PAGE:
It almost goes without saying: Warehouses today are much different than they were ten and even five years ago, partly due to the exponential growth of both the e-commerce and tech industries. Warehouses are now considered finely tuned logistics hubs that are designed and constructed to maximize every branch of your supply chain. Take a look at the trends that are shaping warehouses of the future.
Size of the warehouse footprint
While warehouses once used to be little more than facilities for shipping and receiving, they’ve been transformed into high-tech, close-to-fully automated processing centers. Research shows that the number of warehouse projects of 1 million square feet or more increased from 23 to 48 from 2007 through 2018. Lower construction and leasing costs are also making it possible for brands to invest in larger spaces.
One of the biggest contributors to this growth is big brand Amazon, which has about 250 million square feet in distribution and fulfillment warehouse real estate. Their network includes six different configurations of buildings ranging in sizes averaging from 600,000 to more than 1 million square feet. Other organizations are paying attention and understanding that size really matters to the bottom line.
Warehouses were once thought to be best placed in rural areas without the population density or complicated infrastructure that can make it hard for trucks and trailers to navigate. Now, millennials are demanding faster, smaller, and more direct-to-consumer shipping — it’s this demographic that continues to be the biggest driver of growth behind e-commerce.
In cities like New York, San Francisco, and Miami, the demand has increased for smaller warehouses with a footprint that extends up instead of out. This is especially helpful for last-mile fulfillment, another trend that has grown with the expectations of speedy shipping and even same-day delivery. These facilities are often renovations or reimagining of existing spaces instead of new construction. Labor is also a serious consideration when organizations choose locations for new warehouse spaces.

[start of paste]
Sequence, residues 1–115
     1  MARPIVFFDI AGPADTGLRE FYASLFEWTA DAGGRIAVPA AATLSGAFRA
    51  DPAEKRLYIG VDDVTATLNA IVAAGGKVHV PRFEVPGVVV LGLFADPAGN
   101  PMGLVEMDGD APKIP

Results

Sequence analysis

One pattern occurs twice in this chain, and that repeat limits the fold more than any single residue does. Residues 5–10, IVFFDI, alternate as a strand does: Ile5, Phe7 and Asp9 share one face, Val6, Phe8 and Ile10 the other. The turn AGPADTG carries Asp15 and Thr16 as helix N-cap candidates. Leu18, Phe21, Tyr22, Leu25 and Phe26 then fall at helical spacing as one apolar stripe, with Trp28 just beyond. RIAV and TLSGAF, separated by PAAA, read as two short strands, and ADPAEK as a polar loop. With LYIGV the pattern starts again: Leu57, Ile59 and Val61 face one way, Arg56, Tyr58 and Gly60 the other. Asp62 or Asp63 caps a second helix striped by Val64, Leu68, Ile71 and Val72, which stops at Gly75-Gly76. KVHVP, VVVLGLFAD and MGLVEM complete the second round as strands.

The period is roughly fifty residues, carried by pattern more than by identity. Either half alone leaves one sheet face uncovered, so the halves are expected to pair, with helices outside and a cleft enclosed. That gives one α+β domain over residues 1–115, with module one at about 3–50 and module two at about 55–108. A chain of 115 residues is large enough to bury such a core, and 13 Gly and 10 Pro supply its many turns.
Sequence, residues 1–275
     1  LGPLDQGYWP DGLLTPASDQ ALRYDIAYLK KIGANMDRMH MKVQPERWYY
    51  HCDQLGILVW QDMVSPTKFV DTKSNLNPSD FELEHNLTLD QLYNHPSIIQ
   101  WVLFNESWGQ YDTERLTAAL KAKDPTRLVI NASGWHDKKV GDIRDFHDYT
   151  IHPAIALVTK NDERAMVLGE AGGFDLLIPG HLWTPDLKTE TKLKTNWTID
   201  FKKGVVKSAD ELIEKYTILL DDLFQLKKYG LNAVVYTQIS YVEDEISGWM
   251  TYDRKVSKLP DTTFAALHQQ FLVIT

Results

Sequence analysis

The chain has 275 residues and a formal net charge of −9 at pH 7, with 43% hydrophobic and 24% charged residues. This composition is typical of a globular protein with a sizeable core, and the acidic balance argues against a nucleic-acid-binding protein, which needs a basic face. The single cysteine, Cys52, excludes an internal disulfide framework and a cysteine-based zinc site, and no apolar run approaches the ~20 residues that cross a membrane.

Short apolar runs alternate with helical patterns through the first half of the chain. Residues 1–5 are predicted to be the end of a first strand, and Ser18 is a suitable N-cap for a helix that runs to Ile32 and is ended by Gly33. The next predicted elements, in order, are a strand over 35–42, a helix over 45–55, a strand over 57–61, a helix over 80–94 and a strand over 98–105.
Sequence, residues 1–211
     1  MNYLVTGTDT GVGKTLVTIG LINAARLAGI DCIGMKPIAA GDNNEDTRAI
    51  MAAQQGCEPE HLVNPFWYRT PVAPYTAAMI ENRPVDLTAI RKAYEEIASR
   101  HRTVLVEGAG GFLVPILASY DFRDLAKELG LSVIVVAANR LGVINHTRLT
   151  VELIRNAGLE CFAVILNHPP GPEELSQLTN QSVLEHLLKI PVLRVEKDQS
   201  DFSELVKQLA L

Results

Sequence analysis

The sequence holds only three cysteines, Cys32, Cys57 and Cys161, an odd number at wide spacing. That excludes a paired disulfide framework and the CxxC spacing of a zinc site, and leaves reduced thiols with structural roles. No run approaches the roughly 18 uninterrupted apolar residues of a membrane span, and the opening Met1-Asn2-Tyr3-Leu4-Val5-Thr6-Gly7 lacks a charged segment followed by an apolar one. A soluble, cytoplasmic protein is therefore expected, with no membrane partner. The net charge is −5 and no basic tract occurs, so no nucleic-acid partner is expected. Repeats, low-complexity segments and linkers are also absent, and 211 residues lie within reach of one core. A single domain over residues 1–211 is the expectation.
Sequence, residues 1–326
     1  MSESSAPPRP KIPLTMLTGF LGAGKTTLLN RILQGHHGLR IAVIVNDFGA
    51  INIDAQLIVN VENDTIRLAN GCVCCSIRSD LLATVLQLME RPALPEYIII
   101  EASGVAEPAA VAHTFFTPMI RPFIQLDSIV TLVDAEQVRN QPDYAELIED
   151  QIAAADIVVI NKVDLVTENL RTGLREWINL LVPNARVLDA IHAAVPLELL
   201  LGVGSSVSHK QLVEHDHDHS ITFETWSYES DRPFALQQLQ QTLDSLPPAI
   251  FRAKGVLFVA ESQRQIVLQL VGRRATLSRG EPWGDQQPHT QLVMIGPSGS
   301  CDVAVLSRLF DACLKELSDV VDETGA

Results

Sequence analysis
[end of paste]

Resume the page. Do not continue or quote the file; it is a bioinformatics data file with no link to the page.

Modernizing today’s warehouse
The job market is tough and e-commerce brands are looking for ways to “perk up” their warehouses in order to fill the positions that keep things running smoothly. Cold, concrete buildings have evolved into workplaces that attract and retain some of the best talent out there. Industry upgrades even include outdoor spaces with pristine landscaping.
Although automation in warehouses has also helped innovate the spaces, there has been an increase in labor needs to help meet the increased demand from consumers. In turn, parking areas have grown and expanded warehouse footprints.
Sort out warehouse scheduling
Because customers have become accustomed to faster shipping, warehouse construction plans need to be fast tracked to capitalize on this demand. The “bones” of a building — HVAC, plumbing, electricity — need to be put in place first, and then the other elements added quickly to get products loaded in and ready for delivery.
Technology also has an impact on the timelines that construction must follow. Before tech is installed, everything else needs to be in place to provide the infrastructure that encourages success. Additionally, tech can be used at the forefront to efficiently schedule and track projects. The average turnaround time for a project that’s about 1 million square feet can be about 12 months.
It’s hot to be cold
According to CBRE data, “growth in online grocery and meal kit delivery sales in recent years will generate demand for up to 100 million additional square feet of cold storage warehousing space over the next five years.” This growth means that food could end up being a top disruptor in the warehouse construction industry.
Food-storage buildings aren’t just more expensive — four to five times as costly as traditional warehouses — but they also need special capabilities that require temperature and climate control. Often these guidelines are set forth by the FDA and OSHA to help protect inventory from the environment, contaminants, and even rodents.
Ultimately, experience from your commercial construction team will dictate the success of your next warehouse projects. Everyone from the top down needs to understand the complexities of modern warehouses that are driven by industry trends. As projects get bigger and more intricate, teams and their members need to be qualified; don’t skimp on this for lower costs.
By choosing G.S. & S., you can rest assured that your warehouse construction project coordinator stays with you from beginning to end. You are never handed off from contractor to contractor. We pride ourselves on communication and want you to feel like the valuable client you are, whether your project involves a few hundred square feet – or a million. Let’s get started on your next warehouse!